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EPA's "Transparency Rule" Unlikely to Boost Use of Scientific Data

Critics of a new "Transparency Rule" touted by the EPA say it could do the opposite when it comes to the use of scientific data to make policy. (geralt/pixaby)
Critics of a new "Transparency Rule" touted by the EPA say it could do the opposite when it comes to the use of scientific data to make policy. (geralt/pixaby)
July 9, 2018

ST. PAUL, Minn. — The departure of Environmental Protection Agency chief Scott Pruitt comes as the agency is trying to implement a controversial rule that opponents say could reduce the amount of scientific data considered when drafting environmental regulations.

The Strengthening Transparency in Regulatory Science rule purports to ensure the regulation process is accessible to all. But Rachel McIntosh-Kastrinsky with the group Medical Advocates for Healthy Air said although data transparency is a good idea, there are implications if it's required as part of a regulation.

"If it is enacted as a rule from EPA, it can cause EPA to eliminate scientific studies,” McIntosh-Kastrinsky said. “And therefore, potentially, enacting this rule would eliminate the use of certain science, and therefore impede environmental regulation."

Her group is joining others to oppose the rule, which is open for public comment until August 16.

In late June, the 44-member Scientific Advisory Board to the EPA asked the agency not to revise or finalize the rule until the board can analyze it and offer comments. If enacted, the rule could exclude clinical studies derived from human databases, impede the development of new science and exclude historical studies.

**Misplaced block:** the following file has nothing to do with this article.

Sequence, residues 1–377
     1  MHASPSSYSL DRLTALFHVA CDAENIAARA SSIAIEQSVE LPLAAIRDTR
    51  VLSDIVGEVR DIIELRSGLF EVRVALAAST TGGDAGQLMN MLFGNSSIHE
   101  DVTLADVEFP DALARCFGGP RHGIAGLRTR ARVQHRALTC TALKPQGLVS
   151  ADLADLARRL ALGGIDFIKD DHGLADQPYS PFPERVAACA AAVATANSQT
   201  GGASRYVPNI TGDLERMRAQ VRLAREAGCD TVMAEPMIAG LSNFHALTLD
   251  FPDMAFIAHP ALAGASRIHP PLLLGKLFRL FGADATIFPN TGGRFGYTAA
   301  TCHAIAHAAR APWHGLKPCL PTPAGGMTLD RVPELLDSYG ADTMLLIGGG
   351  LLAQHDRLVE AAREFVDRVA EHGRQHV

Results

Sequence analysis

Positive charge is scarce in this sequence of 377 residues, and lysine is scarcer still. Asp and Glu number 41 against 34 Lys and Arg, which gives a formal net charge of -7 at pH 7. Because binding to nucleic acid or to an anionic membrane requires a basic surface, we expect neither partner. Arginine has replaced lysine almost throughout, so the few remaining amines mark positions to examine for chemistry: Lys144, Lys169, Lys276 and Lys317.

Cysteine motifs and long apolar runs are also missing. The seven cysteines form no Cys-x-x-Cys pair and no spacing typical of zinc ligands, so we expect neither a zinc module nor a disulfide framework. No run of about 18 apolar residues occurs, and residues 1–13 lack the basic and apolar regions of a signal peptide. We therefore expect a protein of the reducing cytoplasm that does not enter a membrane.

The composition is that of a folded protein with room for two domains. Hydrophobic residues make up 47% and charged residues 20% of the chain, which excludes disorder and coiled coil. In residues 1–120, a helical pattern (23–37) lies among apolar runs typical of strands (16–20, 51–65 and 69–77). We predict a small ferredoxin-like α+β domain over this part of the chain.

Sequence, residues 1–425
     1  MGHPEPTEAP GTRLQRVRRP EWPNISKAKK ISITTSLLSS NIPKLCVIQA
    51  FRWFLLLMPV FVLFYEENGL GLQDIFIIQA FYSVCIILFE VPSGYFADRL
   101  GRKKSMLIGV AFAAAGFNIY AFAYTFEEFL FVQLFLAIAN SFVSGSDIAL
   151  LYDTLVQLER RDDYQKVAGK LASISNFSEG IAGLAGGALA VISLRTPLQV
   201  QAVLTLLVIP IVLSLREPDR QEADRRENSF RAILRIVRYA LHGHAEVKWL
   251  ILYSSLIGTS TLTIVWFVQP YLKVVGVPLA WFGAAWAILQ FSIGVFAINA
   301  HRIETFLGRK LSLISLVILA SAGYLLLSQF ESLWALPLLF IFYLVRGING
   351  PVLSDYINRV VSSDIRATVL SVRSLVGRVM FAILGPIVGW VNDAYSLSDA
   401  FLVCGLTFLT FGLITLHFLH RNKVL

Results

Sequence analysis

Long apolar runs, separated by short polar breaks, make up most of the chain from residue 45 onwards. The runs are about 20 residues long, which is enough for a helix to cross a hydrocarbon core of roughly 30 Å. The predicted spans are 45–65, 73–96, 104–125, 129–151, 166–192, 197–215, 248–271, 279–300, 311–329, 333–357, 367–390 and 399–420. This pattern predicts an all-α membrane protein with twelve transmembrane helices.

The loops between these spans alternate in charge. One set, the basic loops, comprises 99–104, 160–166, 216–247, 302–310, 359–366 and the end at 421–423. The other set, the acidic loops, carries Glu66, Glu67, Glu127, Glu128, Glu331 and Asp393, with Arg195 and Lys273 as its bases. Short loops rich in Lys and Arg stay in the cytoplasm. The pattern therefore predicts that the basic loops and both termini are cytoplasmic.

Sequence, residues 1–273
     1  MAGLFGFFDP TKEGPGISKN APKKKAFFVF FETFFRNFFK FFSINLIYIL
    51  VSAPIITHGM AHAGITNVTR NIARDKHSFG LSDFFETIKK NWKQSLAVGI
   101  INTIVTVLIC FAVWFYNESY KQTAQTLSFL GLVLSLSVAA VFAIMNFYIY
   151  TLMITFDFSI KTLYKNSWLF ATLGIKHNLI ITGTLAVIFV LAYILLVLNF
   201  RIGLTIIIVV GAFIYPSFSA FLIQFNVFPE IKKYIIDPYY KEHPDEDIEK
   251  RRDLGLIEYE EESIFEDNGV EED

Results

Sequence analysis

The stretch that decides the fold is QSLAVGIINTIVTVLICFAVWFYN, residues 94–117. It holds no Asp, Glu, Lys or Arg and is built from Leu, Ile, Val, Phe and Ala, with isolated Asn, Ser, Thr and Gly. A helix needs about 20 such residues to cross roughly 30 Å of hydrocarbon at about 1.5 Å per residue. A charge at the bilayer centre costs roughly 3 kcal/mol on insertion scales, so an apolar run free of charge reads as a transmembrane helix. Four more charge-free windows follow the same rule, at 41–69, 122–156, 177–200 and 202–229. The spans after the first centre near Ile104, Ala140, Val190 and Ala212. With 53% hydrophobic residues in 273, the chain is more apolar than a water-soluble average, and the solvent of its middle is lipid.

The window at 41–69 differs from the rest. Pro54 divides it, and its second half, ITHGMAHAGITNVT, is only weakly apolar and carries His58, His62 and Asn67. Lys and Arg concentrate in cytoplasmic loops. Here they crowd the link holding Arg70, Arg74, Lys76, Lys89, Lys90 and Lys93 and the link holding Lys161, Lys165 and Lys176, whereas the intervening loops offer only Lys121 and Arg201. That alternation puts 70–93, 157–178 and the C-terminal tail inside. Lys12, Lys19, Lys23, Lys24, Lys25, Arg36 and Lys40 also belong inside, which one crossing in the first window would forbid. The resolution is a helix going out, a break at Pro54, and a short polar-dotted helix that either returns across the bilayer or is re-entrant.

While the departure of Pruitt may have come as a surprise late last week, McIntosh-Kastrinsky said the agency is expected to continue its efforts to enact this rule.

"Looking at Andrew Wheeler, who is the now-acting administrator, and his background, I imagine they will probably proceed with trying to implement this rule,” she said. “However, with all rules that are proposed at the EPA and on the federal level, they have a comment period."

The EPA already has an external review body, known as the Clean Air Science Advisory Committee. Its mission is to provide a diverse and independent peer review of the science considered by the agency when establishing policies.

Roz Brown, Public News Service - MN